Forensic bitemark analysis lacks scientific research

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Forensic bitemark analysis lacks scientific research, can lead to wrongful convictions

A recent study has reported that forensic bitemark analysis used in court trials is flawed and may lead to wrongful conviction cases. (Image: GOLFX/Shutterstock)

NEW YORK, US: Bitemark analysis is often used as evidence in court. However, a recent study has demonstrated that its use is not backed by scientific research. The researchers hope that the findings will help raise awareness of the unreliability of bitemark evidence and the possible liabilities of testifying on this basis in court.

According to the US National Academy of Sciences, the assertion that dental professionals can identify perpetrators by matching their dental patterns to marks on victims’ bodies has never been supported by any scientific study. According to the authors of the present study, 26 people have been wrongfully convicted and some even given the death penalty as a result of forensic bitemark analysis. This suggests that the forensic dentistry discipline of bitemark analysis is unreliable.

The study included an analysis of current literature and the undertaking of 12 studies to examine the underlying premises of bitemark analysis, namely that human dentition can reliably transfer to skin and that its arrangement is unique. To that end, in one of the studies, the researchers made 23 bites on unembalmed cadavers with the same set of teeth and the same opening diameter and found that none of the bites were identical to each other and that there was dramatic distortion in biting dentition in some cases, mostly arising from the biomechanical properties of the skin.

Demonstration of distortion among bites created with the same set of teeth. Outlines of the biting dentition are displayed above and below the bite, the maxillary and mandibular arches corresponding with the maxillary and mandibular bites, respectively. (Image: © 2023 Bush et al., licensed under CC BY 4.0, no changes)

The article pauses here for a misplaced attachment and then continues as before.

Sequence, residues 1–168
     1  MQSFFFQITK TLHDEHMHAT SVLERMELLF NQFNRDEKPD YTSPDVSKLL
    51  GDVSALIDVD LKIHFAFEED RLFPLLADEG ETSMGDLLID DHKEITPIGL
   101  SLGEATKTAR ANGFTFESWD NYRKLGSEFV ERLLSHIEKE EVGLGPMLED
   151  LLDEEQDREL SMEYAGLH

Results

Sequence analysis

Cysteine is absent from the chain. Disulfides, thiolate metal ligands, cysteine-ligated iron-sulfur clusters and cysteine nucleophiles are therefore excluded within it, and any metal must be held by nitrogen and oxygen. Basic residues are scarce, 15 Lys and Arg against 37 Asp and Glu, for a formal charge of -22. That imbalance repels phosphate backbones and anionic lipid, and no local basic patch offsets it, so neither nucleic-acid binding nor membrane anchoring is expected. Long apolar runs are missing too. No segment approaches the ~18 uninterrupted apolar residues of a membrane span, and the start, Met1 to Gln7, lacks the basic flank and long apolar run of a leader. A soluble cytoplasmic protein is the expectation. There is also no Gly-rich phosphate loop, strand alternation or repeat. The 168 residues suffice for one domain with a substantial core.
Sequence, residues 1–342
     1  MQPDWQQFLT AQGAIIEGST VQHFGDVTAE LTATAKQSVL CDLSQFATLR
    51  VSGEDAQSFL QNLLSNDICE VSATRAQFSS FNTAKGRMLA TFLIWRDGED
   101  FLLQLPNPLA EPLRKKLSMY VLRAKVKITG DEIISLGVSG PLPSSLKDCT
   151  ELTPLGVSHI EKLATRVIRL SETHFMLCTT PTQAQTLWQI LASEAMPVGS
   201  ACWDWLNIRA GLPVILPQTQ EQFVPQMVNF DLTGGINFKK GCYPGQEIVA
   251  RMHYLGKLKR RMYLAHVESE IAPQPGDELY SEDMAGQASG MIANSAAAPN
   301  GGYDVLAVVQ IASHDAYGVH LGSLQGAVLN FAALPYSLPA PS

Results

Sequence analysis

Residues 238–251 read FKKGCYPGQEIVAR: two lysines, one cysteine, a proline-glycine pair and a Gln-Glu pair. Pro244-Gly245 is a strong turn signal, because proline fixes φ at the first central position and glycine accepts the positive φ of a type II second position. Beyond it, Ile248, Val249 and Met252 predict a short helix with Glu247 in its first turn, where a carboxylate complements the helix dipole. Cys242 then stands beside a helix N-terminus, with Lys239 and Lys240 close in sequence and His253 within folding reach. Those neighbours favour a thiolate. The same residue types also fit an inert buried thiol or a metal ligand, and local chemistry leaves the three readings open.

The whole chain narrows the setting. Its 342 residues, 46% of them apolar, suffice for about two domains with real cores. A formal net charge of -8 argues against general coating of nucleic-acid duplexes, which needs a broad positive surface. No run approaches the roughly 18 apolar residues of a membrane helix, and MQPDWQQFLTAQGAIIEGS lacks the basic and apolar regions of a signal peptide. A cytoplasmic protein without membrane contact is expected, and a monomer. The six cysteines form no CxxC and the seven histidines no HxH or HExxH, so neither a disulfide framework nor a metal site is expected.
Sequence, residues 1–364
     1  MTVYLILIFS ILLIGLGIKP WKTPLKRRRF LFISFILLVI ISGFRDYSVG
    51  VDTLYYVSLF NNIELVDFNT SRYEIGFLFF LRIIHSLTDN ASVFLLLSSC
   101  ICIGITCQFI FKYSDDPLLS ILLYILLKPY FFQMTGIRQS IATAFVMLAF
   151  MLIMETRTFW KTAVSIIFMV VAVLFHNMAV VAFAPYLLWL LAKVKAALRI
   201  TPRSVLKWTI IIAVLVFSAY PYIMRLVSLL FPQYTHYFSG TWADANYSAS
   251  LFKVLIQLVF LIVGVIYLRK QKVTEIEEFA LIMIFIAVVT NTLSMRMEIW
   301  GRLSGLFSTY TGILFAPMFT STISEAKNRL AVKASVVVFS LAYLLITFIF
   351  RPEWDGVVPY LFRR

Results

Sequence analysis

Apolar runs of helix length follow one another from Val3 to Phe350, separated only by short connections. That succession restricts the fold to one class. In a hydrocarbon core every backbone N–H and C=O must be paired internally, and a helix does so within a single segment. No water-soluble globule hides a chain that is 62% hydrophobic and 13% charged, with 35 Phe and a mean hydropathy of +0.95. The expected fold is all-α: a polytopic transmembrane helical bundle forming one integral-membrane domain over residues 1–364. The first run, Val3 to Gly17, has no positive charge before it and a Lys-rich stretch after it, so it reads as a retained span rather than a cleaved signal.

In another study, the researchers measured the alignment patterns of the six anterior maxillary and mandibular teeth of 1,100 sets of digital 3D dental models and compared them against one another to see how many of them matched. They also took into account the distortion seen in the previous studies.

“We find bitemark transfer to skin is not reliable and found that within a population of 1,100 people, with just 25% distortion, a significant number of the population could have created the bite,” lead author Dr Mary A. Bush, an associate professor in the Department of Restorative Dentistry at the University at Buffalo School of Dental Medicine in New York state, said in a press release. “The scientific community does not uphold the underlying premise that human teeth are unique and their unique features transfer to human skin,” she emphasised.

The findings concur with those of previous studies, including a recently published review by the US National Institute of Standards and Technology, which reported that there is a lack of consensus among practitioners regarding the interpretation of bitemark data. “Our findings are a cautionary tale of how dangerous the consequences can be when [bitemark analysis] is relied on in trials,” Dr Bush concluded.

The study, titled “C.E. credit. Bitemark analysis: The legal vs scientific battle for justice”, was published online on 1 May 2023 in the Journal of the California Dental Association.

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